How to Financially Prepare For Your First Home

First-time home buying is a memorable and crucial financial decision that, for many, can be a stressful one. It’s often a major expense and it is one that will likely be for the long haul. While buying your home is more than just checking up on your finances, making sure your wallet is ready for such a commitment is still an important first step to take. 

Hoe to financially prepare to buy a home

But where do you start in your financial preparations? Here are just a few things to consider as you begin to financially prepare for your first home. 

Monitor or Take Steps to Improve Your Credit Score

Your credit score is a major factor for lenders in determining whether or not you qualify for a mortgage loan. Checking your credit score is necessary toward understanding where you stand for lenders. First, look into different types of loans and know which one you’ll likely  move forward with. Different loans will have different requirements, so understanding your desired loan’s minimum credit score requirement will help you set a goal to work toward (if your credit score is below that threshold). 

If you find that your score could use some work (even if it meets the required minimum), there are a number of ways you can improve your credit. First, take a look into any debts you may have and set a plan for paying them off, especially credit card debt. Next, you may need to limit credit utilization and hold off on signing up for additional credit cards. Talk to a financial advisor if necessary, as a stellar credit score can help you receive a loan for your future house and for other big purchases such as a car. 

Look Into a Mortgage Pre-Approval

Mortgage pre-approvals can make the home buying experience much simpler and allow you to put an offer on a home right away. Getting pre-approved isn’t required, but can save you a load of time and trouble in the long run. Our current times prove that we are in a true seller’s market, meaning that quick offers can be the difference between an approved or rejected offer. 

An offer by someone with a pre-approval will be seen as more advantageous over an offer without one, especially in these times where it’s likely there will be competing offers. Having a pre-approved mortgage will not only give you the competitive edge needed in this market, but also allow you to have a clearer understanding of your budget for your new home. This will make certain that you’re only touring homes within your budget and will allow you to have clearer expectations for what your budget gets you for your home. 

Save Up For That Down Payment

A down payment is a percentage of the listing price you pay directly that will be taken out of your mortgage rate. It’s recommended by most lenders that you put down twenty percent on the listing price. A down payment below this percentage means you’ll likely have to pay for mortgage insurance and have increased interest rates, so a sizable down payment will save you money in the long term.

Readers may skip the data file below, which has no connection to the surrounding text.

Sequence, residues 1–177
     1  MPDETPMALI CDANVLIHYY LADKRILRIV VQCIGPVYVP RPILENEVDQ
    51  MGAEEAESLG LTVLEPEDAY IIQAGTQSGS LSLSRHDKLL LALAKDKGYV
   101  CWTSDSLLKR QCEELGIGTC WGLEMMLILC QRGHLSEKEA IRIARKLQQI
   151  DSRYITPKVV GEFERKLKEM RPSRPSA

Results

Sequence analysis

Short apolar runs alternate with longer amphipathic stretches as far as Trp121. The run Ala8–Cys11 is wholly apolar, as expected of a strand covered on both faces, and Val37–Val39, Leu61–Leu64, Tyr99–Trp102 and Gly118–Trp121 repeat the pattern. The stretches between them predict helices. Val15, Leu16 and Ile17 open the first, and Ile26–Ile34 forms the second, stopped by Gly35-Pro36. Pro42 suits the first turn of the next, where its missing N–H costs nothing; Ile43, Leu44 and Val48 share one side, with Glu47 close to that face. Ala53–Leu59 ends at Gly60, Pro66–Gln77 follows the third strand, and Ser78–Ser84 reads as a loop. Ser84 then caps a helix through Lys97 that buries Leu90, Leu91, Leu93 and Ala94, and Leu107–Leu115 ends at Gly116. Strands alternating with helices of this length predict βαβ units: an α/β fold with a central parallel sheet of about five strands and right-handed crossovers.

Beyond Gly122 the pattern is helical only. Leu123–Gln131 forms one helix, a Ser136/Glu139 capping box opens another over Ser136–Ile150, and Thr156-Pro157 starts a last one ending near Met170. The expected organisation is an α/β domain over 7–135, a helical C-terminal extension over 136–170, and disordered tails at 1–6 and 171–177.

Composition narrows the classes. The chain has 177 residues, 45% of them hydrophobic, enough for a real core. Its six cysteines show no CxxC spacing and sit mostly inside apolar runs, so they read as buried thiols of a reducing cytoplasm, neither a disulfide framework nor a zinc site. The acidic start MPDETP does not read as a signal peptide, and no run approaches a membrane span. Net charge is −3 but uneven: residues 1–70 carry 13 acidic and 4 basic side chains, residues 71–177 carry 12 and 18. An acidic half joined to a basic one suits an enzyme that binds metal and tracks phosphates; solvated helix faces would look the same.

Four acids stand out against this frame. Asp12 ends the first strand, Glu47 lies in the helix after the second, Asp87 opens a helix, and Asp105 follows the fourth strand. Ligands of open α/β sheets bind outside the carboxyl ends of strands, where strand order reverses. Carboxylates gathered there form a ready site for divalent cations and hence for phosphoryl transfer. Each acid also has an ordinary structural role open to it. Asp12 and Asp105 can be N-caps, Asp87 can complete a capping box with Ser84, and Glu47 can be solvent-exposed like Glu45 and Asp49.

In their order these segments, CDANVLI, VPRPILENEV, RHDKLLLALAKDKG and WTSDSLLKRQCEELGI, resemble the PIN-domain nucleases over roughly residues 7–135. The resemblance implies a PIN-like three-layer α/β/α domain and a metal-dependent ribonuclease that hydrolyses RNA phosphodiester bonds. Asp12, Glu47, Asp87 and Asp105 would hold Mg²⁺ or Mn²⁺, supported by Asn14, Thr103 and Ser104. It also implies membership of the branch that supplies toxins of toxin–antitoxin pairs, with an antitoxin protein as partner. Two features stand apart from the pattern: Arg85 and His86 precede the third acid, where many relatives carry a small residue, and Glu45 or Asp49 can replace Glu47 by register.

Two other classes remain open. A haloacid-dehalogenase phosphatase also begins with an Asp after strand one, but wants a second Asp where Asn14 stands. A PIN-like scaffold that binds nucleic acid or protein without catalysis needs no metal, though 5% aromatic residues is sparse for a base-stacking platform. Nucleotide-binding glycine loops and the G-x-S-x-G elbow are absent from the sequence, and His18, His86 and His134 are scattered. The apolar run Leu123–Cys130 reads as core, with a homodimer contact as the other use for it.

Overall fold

However, this will mean having more than enough money saved up to accommodate this down payment. Take a look into your savings and evaluate how much you’re willing to put toward this payment and how much you’d like to remain in your savings. You should make sure that you have a reasonable savings leftover from your down payment in case of emergency expenses. Saving up for your down payment may take some financial sacrifices on your part, such as skipping on your annual vacation or getting a second job. While these sacrifices may prove difficult, it will lower your monthly mortgage payments and allow you financial flexibility for the long haul.

Set a Monthly Budget

Monthly budgets are a great way to keep yourself organized and limit any unnecessary spending on wants. When setting up your monthly budget, start by calculating your income and necessary expenses such as your current rent and grocery bills. From there, you can determine how much you’ll have left over to put toward important contributions such as your down payment, emergency fund, and even retirement plan. Setting and sticking to a monthly budget during this transitional period will help you feel confident and have a clear understanding of where your money is going. Then, once you make an offer and use your down payment funds, you can easily reconfigure your budget to meet your new needs and home expenses.

Buying a home for the first time is a daunting task, and one that requires a lot of financial planning. Having a vision and preparations in place will help give you the confidence to focus on house hunting and what your needs for your first home are. Now it’s time to get started on the home-buying journey. 

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